Was I upset about this? Sure.

Did I feel betrayed? A little.

Did I think James deserved to be castrated by Oprah in front of a live audience? Not really.

Here’s why:

James is an addict. Plain and simple. He suffers from a sickness, just like the rest of us. Sure, he lied about the depths of his addiction. But what addict hasn’t? Get this: I once told a concerned classmate that my sister committed suicide. The “funny” thing is…my sister isn’t dead. She’s happily married living in Valdosta, Georgia. So, why’d I say it? Because I needed a reason to explain my irrational behavior. Simply being an “alcoholic” wasn’t good enough. I had to explain why I was doing what I was doing. Plus, this classmate was kinda sexy and I wanted her to take pity on me so she’d sleep with me. Do you think it work? No. Of course not! The whole thing backfired. She found out my sister wasn’t dead and slapped me heartily. Just like James, my deception was discovered. Fortunately, I was only bitch-slapped by one person, not an entire Oprah-watching nation.

So what’s the point? The point is…we all make mistakes. We’re all sinners. We all lie to make ourselves look and feel better. Does this mean we deserve to be crucified in front of a live audience? No, of course not. As long as we admit our mistakes and ask for forgiveness, there’s no reason we shouldn’t get it. I mean, that’s sort of the whole point of Alcoholics Anonymous. It’s right there in STEPS 4 through 10:

4. Made a searching and fearless moral inventory of ourselves.

5. Admitted to God, to ourselves, and to another human being the exact nature of our wrongs.

6. Were entirely ready to have God remove all these defects of character.

7. Humbly asked Him to remove our shortcomings.

8. Made a list of all persons we had harmed, and became willing to make amends to them all.

9. Made direct amends to such people wherever possible, except when to do so would injure them or others.

10. Continued to take personal inventory and when we were wrong promptly admitted it.

Now, I don’t know if James ever went through these steps with his sponsor. I don’t really care. It’s not really my business. All I know is that his writing gave me the courage to stand up and be a better person. Not only did he show me that recovery was possible, he showed me that everyone, even the most lost and hopeless, still have something to give to this program.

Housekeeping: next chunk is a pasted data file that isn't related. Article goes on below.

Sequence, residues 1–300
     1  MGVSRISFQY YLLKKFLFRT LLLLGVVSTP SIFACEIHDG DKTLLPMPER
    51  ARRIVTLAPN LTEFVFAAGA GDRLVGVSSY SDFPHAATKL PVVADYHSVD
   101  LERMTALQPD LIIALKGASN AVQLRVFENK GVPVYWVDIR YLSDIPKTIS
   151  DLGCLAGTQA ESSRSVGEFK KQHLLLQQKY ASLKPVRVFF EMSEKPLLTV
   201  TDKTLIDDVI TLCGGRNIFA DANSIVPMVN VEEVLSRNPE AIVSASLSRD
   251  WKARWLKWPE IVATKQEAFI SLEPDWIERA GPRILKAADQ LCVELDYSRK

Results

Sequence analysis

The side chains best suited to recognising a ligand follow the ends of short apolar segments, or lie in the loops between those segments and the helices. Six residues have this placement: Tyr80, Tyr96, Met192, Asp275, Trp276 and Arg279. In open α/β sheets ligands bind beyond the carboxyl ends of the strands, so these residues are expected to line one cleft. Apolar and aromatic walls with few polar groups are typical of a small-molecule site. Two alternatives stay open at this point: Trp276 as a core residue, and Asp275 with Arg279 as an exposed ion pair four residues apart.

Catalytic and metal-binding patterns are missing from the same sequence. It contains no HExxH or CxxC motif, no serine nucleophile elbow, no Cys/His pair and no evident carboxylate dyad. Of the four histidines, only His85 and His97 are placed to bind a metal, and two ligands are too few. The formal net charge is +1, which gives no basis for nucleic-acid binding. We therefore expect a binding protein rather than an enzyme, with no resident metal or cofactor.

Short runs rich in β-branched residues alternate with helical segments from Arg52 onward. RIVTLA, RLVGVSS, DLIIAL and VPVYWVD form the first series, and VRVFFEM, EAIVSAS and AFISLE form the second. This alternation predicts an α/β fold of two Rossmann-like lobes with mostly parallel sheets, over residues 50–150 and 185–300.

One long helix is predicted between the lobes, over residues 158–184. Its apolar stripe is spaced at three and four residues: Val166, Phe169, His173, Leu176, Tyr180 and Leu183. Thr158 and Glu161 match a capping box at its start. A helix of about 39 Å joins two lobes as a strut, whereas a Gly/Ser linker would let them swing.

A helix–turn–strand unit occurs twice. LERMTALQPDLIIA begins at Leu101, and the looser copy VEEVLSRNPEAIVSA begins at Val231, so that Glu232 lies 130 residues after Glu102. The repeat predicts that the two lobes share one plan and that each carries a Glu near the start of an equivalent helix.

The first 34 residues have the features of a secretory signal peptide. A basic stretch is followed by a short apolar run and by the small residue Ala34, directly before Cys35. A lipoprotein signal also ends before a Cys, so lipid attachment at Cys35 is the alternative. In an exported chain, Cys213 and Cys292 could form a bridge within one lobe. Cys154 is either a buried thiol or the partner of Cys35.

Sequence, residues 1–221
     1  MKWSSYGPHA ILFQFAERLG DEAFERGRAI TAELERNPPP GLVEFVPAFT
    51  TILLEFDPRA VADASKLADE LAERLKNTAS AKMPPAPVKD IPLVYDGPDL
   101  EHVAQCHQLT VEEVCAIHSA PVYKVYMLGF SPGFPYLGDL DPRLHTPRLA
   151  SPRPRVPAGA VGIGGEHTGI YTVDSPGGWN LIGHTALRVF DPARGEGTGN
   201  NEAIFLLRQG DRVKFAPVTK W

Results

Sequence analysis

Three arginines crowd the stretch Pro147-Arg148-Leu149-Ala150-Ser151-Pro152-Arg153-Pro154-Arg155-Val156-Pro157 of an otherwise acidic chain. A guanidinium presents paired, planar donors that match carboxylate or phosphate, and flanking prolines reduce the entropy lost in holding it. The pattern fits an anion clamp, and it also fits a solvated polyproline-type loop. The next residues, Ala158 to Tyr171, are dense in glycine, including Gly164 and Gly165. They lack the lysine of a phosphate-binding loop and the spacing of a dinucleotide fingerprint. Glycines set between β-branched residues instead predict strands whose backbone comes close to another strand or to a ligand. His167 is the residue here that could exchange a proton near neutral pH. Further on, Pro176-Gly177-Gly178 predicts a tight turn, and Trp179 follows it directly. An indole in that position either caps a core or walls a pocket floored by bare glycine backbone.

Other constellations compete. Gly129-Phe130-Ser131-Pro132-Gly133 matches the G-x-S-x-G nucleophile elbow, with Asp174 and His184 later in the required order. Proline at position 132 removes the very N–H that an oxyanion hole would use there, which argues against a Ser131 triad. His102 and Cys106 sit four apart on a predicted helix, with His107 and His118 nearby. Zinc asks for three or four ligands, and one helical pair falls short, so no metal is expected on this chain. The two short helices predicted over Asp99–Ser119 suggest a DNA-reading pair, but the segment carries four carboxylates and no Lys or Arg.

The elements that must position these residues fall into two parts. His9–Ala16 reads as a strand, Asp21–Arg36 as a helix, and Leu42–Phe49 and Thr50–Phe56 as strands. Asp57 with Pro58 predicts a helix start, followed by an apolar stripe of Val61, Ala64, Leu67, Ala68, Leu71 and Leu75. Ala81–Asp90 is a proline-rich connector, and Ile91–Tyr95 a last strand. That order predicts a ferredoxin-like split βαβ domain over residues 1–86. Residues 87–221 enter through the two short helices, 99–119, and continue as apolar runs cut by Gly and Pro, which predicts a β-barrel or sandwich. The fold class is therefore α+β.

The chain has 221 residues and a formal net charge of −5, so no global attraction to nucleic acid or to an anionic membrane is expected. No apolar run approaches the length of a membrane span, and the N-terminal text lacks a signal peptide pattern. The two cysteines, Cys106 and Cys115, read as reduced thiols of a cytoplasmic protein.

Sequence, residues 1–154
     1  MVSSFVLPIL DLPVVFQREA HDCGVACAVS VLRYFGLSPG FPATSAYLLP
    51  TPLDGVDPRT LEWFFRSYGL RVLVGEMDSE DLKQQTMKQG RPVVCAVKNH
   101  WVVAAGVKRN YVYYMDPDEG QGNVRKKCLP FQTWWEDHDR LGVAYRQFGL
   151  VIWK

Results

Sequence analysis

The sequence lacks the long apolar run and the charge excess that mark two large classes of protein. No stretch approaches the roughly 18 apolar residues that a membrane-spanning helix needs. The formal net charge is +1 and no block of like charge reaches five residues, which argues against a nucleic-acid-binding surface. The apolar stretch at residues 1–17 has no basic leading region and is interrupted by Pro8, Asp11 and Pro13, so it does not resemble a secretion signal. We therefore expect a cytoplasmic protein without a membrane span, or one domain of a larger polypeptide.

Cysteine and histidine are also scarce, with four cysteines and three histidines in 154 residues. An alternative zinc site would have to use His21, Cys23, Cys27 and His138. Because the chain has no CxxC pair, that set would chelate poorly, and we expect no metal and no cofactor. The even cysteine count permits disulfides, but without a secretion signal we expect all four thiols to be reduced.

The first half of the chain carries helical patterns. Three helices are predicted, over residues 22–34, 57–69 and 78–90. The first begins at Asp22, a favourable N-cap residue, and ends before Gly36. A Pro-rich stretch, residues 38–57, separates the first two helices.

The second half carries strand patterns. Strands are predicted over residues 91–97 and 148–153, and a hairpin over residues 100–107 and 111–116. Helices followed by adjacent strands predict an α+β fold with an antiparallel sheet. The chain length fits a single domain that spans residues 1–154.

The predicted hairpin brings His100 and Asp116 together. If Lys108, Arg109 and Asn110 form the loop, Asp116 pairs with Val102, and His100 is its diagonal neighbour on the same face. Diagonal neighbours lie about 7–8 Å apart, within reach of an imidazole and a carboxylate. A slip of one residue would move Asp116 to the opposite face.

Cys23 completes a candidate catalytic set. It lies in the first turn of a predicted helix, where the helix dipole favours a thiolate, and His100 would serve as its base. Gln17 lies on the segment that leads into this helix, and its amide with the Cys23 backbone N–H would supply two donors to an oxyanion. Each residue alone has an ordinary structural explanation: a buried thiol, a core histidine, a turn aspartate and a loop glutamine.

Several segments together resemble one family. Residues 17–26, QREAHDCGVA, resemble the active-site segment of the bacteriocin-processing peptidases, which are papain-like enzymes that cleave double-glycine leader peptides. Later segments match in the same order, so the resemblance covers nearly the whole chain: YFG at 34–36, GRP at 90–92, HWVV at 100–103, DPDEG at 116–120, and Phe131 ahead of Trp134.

Shortly after the scandal broke out and James reappeared on Oprah, I picked up the pen and started writing my own story of addiction. Originally, it was supposed to be a memoir. But after a few weeks of staring at a blank monitor, I quickly began to realize I wasn’t going to remember much of anything. It seems I had been blacked out so much with what the doctor’s call “retrograde amnesia” that the only thing I could remember were little bits and fragments of trips to the hospital. I knew if I tried to write a memoir, I was gonna have to invent it. Then I’d be the one getting castrated on Oprah!

So, instead of trying to portray the hell of addiction through my own personal story, I decided to portray it through the lives of three fictional characters. The result, which I’ve titled Some Are Sicker Than Others explores not only the ‘incomprehensible demoralization’ of addiction, but also the thin, blurred line between true love and codependency. I’d say it’s about half memoir and half fiction. My girlfriend likes to joke that it’s really memoir disguised as fiction.

Like “Pieces” it tells the true story of addiction and recovery through a cast of very real, albeit “fictionalized” characters. However, unlike “Pieces” it’s still relatively unfamiliar. But I aim to change that. Will you help me?